Average running conditions out the tail pipe would make your eyes water from all of the unburned and partially burned fuel components. Getting stuck behind a “classic” today in a six-way intersection is an eye water’er.

Now an evolved 1992 electronic ignition and fuel injection systems can sit for six months, fire right up, run smooth and burn clean and drive away in 30 seconds to one minute. Spark plug changes at 3 years 36,000 miles up reliably 70,000 miles.

I am S-L-O-W to adopt new tech Always. Usually waiting 10-15 years and at least 3 generations to let it shake out. Let other be the newest guinea pig $$$ beta developers.
A 1992 electronic FI vehicle system IS this 3rd to 5th generation development and now well know 20 years old.
Why I weekly drive a 94 Ford F150 and a 99 Chrysler minivan. Sweet. Simple. And lowest, cheapest maintenance.
Anyone able to learn to Internet communicated, post pictures and videos has the smarts if applied to learn these constant pressure, solenoid valve fuel delivery systems. Lots and lots of now basic, system specific tutorials up now on the internet about these systems with friendly helpful user groups. Any decent auto parts stores will love to sell you the basic fuel pressure testing and diagnostic hand held tools.

Yep. 'Nother 6 years and a couple of generations and I am sure I will be dragged into a “new” smart phone too. Gotta keep stretching out this current flip “dumb” phone for a few more years.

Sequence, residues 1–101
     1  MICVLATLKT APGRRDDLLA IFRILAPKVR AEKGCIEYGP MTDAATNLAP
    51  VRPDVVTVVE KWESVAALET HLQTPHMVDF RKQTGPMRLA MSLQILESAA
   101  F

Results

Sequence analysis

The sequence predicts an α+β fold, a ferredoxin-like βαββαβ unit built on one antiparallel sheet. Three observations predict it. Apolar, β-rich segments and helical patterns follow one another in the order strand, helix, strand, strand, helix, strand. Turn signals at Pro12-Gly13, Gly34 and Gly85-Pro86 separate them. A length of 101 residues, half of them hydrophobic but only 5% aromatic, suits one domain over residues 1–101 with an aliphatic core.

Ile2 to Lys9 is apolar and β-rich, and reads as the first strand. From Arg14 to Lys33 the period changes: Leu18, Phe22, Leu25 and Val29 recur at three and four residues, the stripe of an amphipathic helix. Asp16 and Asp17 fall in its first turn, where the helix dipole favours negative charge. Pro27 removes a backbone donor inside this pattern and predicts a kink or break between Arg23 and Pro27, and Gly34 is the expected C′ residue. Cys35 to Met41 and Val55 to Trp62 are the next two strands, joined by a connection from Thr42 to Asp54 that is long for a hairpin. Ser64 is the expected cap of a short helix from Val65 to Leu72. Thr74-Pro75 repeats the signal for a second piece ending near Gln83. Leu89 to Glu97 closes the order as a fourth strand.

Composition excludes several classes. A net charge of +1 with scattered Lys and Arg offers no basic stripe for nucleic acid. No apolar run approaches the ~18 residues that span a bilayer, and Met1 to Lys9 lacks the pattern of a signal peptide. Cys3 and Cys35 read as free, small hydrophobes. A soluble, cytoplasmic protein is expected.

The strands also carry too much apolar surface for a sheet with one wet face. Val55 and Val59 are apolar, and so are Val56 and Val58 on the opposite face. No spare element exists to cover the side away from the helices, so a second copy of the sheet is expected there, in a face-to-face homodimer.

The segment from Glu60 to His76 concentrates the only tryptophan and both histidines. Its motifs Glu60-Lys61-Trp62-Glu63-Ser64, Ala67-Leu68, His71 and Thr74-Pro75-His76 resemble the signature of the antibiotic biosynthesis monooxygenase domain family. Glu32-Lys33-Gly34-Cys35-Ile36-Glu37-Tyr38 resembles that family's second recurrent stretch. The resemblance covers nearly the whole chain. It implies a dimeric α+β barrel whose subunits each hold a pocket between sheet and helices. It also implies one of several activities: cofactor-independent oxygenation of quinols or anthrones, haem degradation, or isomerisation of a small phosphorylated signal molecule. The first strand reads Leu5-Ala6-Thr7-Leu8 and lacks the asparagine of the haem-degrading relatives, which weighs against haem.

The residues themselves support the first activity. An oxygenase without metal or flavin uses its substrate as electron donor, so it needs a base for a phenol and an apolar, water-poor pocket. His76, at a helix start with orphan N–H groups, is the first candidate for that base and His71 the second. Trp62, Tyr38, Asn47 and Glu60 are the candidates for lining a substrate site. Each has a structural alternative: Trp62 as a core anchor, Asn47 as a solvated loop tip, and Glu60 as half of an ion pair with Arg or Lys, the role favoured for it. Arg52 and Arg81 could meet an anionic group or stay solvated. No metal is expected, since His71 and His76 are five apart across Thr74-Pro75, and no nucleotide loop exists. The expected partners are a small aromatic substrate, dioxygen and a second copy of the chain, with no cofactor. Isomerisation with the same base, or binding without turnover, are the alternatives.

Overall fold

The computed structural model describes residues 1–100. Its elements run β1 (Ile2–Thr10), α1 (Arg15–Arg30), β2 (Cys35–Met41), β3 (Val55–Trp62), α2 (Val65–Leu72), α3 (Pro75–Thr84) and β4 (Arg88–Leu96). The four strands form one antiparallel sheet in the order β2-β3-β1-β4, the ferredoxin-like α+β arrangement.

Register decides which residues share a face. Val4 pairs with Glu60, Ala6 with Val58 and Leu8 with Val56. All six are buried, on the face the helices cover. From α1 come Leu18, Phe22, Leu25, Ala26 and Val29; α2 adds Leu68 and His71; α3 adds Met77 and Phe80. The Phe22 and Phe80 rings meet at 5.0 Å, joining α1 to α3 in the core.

Picture is my newest electronic ignition and fuel injected small engine. Starts right up always and settles into clean exhaust running in just a single minute. No more fuel washing down and wearing of the valve stems, rings and cylinder walls. On gasoline fuel the engine oil is staying much cleaner than any of my older carbureted small gasoline engines.

Steve Unruh

Would you guys give me your input on doing a 91 Cadilac Sedan DeVille, 4.9, It must be throttle body?

I did a 95 Seville, did’nt look good but it worked.

Glad you spoke up JimW.
When I worked for the Chrysler dealership and later the Nissan dealership the older sales men Loved to take in on trade this era of Cadillac 4.9’s and personally buy then up and drive them. Earlier in an independent shop the owner would only drive these, saying these and Hondas were the only quality vehicles available to the common man. As these shops “Mikey”, I was always got assigned to work on these. I found these engines to be very easy to work on and reliable.
These ARE the last pushrod valved Cadillac engines.
The 4.9 version was the best of the 4.1, 4.5 V-8 series and IS the one that was individual port fuel injected.
It DOES have aluminum metal intake manifolds.
It DOES still have a twistable ignition distributor.
Herb and Jim, Google up this engine and you will see these have become very valuable now as light chasiss swap in hot rod V-8’s. Something not here in the US in a V8 since the since the early 60’s Buick-Olds 215 V-8’s.
Aluminum block with cast in sleeves these are a couple of hundred pounds lighter than a Ford 5.0L and couple of three hundred pounds lighter than the common Chevy 350 or Dodge 318.

The Caddy chassis though will force you into an ugly tail heavy in the trunk install, or dragging around the extra weight and length of a gasifier system trailer. And on a trailer system I do not see how you will be able to use many of the Keith system heat recycling features.

Steve Unruh

Thanks Steve, glad to hear it’s a good one! I can see why guys like them for hotrodin’. I have made a WK unit kind of thinking I would put it on a nice old car. The cooling rack fits around the front and sides and kind of holds it tight, For now I’m planing on behind the bumper probably move it in the truck latter, it’s would fit, I made it shorter then Waynes and it’s lighter too.